|Euro Zone 2008 ; dark blue : de jure ; pale blue : de facto (Photo credit: Wikipedia)|
From the beginning of the Euro crisis - it started in early 2010 when Greece officially asked Brussels for a bailout -, I've been wondering what caused Germany to drag its feet. If only Ms. Merkel had moved fast enough to meet Greek demands, Greece would have been saved within the year and the Euro Crisis would never have happened.
Why did Ms. Merkel not move? Very odd, if you consider how often she claims she's a European at heart and that "more Europe" is needed to solve the crisis.
Not so odd if you consider the lending history of German banks and how they've granted easy credit left and right, at home to political pals, to the Greeks to finance the Olympic Games and more, to Southern Europe in general, to Ireland...and, yes, to the shipping industry!
|Starting in 2008 everybody in deficit! Graph shows government surplus/deficit of Portugal, Italy, Ireland, Greece, United Kingdom, Spain (PIIGGS) against the Eurozone 2000-2010 and the United States. Data from Eurostat. (Photo credit: Wikipedia)|
Instead of pooling the debt which would have been the quick, rational and elegant way out of the Euro crisis, Merkel pushed through entirely different policies, i.e. bailouts coupled with austerity measures and fiscal pact agreements with Eurozone members, all of them politically and institutionally complex, hence time-consuming. Yet, when it comes to finalizing what she has set out to do and put the needed Eurozone institutions on a solid basis, suddenly it's no go.
The last tassel is Euro bank supervision, but Germany will have none of it. Or will have it with all sorts of limitations, all aimed at protecting German banks from oversight. Why is Germany so eager to shield its banks?
At first, it looked like the German Central Bank, the Bundesbank, was eager to protect the state-owned Landesbanks that have suffered losses with the 2008 crisis and are reeling from accusations of corruption. Indeed, there is strong evidence of an unhealthy relationship between local politicians and the regional-level banks. Landesbank rescues have placed a heavy burden on German state governments (more deficits!) and this has had repercussions on the whole German banking system. A consolidation of German landesbanks that was expected to happen is now unlikely, suggesting that the situation is stalled and that the move towards a healthier system that would stimulate productive competition between the public and private sector, is still far off in the future.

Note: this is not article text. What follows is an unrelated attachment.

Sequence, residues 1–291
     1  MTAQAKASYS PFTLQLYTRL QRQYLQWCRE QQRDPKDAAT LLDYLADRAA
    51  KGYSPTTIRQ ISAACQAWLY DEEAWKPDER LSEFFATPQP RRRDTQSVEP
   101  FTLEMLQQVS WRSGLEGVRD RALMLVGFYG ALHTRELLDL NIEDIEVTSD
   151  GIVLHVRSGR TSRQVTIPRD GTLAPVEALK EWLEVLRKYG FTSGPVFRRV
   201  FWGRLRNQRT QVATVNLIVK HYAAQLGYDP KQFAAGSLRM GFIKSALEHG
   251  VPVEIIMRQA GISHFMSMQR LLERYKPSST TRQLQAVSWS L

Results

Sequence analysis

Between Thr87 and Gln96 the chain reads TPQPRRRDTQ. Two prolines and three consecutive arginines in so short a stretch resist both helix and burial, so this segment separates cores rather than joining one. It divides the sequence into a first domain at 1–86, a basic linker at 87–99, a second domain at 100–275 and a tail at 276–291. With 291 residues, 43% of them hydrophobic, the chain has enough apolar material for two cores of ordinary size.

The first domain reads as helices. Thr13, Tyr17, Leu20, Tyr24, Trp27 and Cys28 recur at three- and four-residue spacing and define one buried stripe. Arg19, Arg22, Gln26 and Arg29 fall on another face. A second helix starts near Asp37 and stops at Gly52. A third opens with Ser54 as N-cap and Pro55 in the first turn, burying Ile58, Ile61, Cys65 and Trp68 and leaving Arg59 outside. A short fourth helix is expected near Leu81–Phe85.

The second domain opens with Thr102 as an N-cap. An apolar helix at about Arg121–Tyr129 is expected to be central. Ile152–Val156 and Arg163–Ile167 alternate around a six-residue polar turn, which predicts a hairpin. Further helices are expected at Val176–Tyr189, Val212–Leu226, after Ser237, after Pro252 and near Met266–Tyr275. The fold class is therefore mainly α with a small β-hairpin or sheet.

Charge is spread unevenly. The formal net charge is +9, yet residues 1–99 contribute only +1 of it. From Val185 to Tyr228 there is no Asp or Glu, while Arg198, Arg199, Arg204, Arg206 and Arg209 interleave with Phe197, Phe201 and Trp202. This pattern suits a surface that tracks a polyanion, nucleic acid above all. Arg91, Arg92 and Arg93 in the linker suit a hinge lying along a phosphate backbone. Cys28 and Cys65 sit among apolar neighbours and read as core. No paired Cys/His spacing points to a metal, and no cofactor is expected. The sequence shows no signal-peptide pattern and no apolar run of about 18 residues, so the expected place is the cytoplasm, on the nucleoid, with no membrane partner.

But in Germany, private sector banking is also suffering! Not only did the German banks expose themselves to the Greek and other Southern European debt, they also recklessly engaged in easy loans to the shipping industry. Loans resulted in a huge overflow of needless investment in the ship container market, currently causing some 300 big container ships to sit idle in ports around the world, waiting for customers!
The story of this shipping crisis only recently came out in the New York Times (see article below or the report here). According to Moody's, Germany’s 10 largest banks have 98 billion euros, or $128 billion, in outstanding credit or other risks related to the global shipping industry. That's about as much as the German banks' exposure to Greece when the debt crisis broke out (they are now down to €5.5 billion) !